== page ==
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Saturday, 17 November 2012

Remember remember hairy Movember.

Do you remember when November was just November? For the last few years we have spent a wonderful month growing facial hair (or supporting those who do) in the aid of prostate cancer. I myself have been roped into being a 'mo-girlfriend' where I give 'encouragement for facial hair growth.' This can range from a few positive words or beard massages and of course helping my 'mo bro' to raise money.

So when I found our about the Gallery Talk on the History of Facial Hair at the National Portrait Gallery I was quite excited! Combining my new found hobby of cheerleading beards and my old favourite of studying history was bound to be interesting.

So last friday evening I set off to the NPG with my beard where Historian Lucinda Hawksley gave a wonderful tour that explored the facial hair trends and their meanings from Queen Elizabeth I to Charles Darwin through the collection displays.

We began with Henry the Eighth and his implementation of beard tax! Those who grew their beard had a massive price to pay to ensure that only the rich and elite were able to afford it! this was an policy the Queen Elizabeth I also implemented the only exception to the rule was of course if you had a doctors note that allowed growth only for medical reasons.

The social status of the beard owner continued into the regency period, here side burns were the fashion but only allowed if you were a 'Dandy' or had 'Continental connections.'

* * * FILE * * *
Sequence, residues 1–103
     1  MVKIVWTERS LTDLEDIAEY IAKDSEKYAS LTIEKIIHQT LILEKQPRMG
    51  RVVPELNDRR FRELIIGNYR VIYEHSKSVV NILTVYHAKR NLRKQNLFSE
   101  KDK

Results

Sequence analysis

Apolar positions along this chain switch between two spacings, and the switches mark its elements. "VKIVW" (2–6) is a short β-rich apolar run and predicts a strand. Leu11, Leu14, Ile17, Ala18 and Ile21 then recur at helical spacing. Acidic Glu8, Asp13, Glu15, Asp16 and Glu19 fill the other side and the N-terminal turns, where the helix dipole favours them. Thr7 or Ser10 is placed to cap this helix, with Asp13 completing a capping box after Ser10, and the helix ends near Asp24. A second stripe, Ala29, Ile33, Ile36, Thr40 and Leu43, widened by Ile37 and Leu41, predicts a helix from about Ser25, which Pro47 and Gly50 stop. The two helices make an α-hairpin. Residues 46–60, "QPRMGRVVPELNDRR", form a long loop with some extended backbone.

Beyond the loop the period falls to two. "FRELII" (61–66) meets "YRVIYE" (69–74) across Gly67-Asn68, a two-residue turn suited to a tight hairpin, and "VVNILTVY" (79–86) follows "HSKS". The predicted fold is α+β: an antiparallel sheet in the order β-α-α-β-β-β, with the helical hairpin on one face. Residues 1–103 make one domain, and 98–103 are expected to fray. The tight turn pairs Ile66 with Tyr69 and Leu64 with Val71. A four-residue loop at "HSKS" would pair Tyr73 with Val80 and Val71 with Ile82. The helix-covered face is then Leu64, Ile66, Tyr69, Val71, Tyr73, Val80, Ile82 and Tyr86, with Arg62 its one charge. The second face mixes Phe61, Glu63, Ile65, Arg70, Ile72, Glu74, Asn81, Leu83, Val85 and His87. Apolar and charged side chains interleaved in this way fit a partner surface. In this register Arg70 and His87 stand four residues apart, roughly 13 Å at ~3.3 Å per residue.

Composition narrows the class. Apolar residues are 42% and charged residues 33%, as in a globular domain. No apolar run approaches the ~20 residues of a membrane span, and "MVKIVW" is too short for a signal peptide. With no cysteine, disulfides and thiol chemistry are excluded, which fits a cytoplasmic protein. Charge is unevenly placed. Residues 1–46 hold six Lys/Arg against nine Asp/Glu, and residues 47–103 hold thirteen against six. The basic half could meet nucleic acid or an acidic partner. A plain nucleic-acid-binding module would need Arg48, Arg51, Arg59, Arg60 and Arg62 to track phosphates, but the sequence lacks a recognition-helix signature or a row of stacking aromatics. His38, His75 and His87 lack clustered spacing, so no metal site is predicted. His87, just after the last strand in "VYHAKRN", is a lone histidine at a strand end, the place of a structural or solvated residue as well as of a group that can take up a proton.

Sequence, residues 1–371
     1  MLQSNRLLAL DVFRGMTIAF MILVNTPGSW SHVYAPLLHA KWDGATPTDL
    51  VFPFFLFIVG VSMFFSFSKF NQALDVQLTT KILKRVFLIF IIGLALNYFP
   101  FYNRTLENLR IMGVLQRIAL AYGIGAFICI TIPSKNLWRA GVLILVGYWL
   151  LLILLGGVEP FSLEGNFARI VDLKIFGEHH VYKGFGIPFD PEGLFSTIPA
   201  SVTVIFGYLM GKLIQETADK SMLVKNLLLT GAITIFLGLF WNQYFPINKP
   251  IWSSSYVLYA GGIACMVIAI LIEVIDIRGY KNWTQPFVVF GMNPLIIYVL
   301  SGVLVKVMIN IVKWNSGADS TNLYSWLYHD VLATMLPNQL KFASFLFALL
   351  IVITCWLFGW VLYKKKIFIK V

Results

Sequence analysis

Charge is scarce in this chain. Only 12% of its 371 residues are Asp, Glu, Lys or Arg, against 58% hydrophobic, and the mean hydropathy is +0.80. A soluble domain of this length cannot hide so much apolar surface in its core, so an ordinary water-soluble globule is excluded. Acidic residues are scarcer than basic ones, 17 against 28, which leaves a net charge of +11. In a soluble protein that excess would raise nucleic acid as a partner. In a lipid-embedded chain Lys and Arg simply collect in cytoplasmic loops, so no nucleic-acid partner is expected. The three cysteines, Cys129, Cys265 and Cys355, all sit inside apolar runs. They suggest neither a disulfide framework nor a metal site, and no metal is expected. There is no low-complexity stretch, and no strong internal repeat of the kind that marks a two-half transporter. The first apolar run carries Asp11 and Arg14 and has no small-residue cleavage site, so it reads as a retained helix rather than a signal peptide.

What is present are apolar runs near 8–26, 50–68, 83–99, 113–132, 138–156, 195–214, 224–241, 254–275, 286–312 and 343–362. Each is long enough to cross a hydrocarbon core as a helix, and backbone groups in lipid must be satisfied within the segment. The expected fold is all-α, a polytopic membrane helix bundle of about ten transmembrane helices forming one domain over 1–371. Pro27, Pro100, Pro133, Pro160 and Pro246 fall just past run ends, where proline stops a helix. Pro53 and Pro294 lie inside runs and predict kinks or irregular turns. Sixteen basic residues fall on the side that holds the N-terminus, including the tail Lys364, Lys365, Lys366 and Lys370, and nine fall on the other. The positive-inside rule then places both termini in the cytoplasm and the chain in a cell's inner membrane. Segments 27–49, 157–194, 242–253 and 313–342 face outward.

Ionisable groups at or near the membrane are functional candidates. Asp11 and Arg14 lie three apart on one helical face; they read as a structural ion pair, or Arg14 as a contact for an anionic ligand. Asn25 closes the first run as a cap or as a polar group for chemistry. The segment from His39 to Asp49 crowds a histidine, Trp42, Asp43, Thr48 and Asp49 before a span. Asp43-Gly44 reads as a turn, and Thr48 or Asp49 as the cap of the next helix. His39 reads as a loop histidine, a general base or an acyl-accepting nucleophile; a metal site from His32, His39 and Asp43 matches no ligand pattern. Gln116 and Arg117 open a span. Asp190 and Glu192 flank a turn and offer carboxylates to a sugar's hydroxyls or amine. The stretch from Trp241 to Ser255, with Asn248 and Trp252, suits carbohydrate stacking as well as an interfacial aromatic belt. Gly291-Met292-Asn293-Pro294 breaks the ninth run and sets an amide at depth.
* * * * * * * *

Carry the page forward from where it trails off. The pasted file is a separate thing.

The Victorians of course were the real facial hair show stoppers! Prince Albert bought us the Christmas tree (thanks!) and brought the mo back into fashion. And did they go for it!

The Victorian periods interest in facial hair was part of a complex social change going on in Britain at the times. The Crimean War was the first time journalists had visited the front line and the reports back left Britain appalled by the conditions of war, men who survived were thus seen as heroes, and all heroes have facial hair.

It also saw the beginning of the women's movement, stories of female nurses on the frontline, saving lives, emphasised the necessary role of women in society.
Lucinda theorised the women's movement had a knock on effect in the fashion of facial hair. Not only were they trying to prove their masculinity as heroes of a horrific war but also used their beards as a form of protest against the initial stages of the women's rights movement.

The popularity of beards had some pretty interesting knock on effects. Most notably barbers lost a lot of trade, and thus began to invest their time and money into men's hair products. Macasa oil and bear grease were two of the most popular products on the shelf. Macasa oil promised that hair would never go grey or fall out if you used this slick product, but the side effects were pretty nasty and resulting in a lot of dirtied furniture. Bear grease however appeared to be a bit if a myth occasionally rumour would go round that a dancing bear was to be killed and his fat to be used in barbers surrounding the event. However it appears that the majority of the time no bears were harmed and instead pigs were used to produce this grease, bet that smelt rotten!

The tour finished on a high discussing the numerous beards of the infamous Victorians and the collection on display reflects the trend. I came away thinking how wonderful beards really are, as a tool for social change, a mechanism for fundraising and make men look handsome :p.

You can donate to Movember here:

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